So, you have put blood, sweat and tears (not to mention countless hours) developing an epic brand guidelines document – Kudos to you! Sorry to be the bearer of bad news but this is only half the battle, now you need to monitor where and how it’s being used. The last thing you want at this point is a competitor creating a similar logo to yours, potentially creating customer confusion.
Setting up Google alerts so that you are notified every time your brand is mentioned is a proactive way of monitoring your brand and ensuring sites are linking back where appropriate, using correct imagery alongside the brand mention and the correct logo.
Some of the issues you potentially face will be minor, while others may need to be dealt with in the legal realm.
Rolling Out Rebrands Poorly
If you do choose to rebrand, it need to be a solid effort because any changes that you decide to make to a brand that you have already established could affect the relationship that your customers have already built. Seriously consider if the changes that you are planning to implement, do the benefits out the risk of losing business?
Graphic designer and Illustrator Lee Mason concurs “A common mistake I see time after time is businesses diluting their brand. People pay me to design their logo and associated brand guidelines, then ignore them all and change the logo colours, shape, or use the wrong colours or font, and before you know it the visual brand is a mess and they might as well not have had a rebrand at all.”
If the rebrand is something that you decide to go ahead with then you need to factor in some education in your content marketing so that your customers and prospects understand and engage with the rebrand.
Not Knowing the Power of a Brand
Creating a strong brand has many advantages – customer opinion is incredibly influential. ‘Brand’ is the way in which you are perceived; I’m sure that each one of us can recall a brand that we adore and a brand that we have negative feelings towards. Every day, people are forming these perceptions, but they should not be left to chance, as a business you have the ability to shape and mold them.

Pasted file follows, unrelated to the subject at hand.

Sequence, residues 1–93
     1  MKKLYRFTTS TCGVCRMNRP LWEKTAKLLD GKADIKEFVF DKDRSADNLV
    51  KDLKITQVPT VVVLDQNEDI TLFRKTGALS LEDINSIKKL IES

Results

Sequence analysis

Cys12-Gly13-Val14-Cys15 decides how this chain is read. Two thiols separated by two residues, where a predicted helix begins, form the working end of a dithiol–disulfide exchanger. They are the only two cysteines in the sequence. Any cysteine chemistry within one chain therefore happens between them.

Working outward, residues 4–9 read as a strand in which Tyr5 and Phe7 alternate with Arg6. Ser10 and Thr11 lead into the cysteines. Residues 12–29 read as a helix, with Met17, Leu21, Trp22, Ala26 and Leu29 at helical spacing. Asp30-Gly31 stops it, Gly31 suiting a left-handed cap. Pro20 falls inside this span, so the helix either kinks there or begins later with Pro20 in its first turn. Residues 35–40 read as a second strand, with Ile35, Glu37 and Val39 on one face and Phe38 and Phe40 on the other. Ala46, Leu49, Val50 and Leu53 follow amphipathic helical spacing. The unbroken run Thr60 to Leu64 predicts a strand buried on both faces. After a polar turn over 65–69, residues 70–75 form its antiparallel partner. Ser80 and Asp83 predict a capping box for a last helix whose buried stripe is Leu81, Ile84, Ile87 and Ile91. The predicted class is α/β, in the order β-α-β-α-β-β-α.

To undertake this process of shaping you should consider 3 things; what service are you providing? This create a one dimensional perception, so underpin it with ‘How?’ How are you delivering this service and what are the words associated with it? The 3rd point for consideration is what associated feeling do you want people to experience with your brand? I mean, in addition to invoking positivity of course!
Richard LeCount from USB Makers gives his view, “First impressions are everything and ultimately if something isn’t presented well its unlikely your target audience will pursue it further and find out more. Yes, I’m talking about your branding. It needs to peak interest and communicate your brand values. Keeping your business on brand is essential and without doubt, it needs to extend to all areas of your business”
Work steady with a smart plan; building a brand should be a skilled and deliberate effort to achieve a pre-determined perception in the mind of an individual, with a great deal of care when it comes to all aspects. Remember – your branding is not one dimensional and all aspects of the business should be able to live and breathe it to enable a positive holistic brand perception.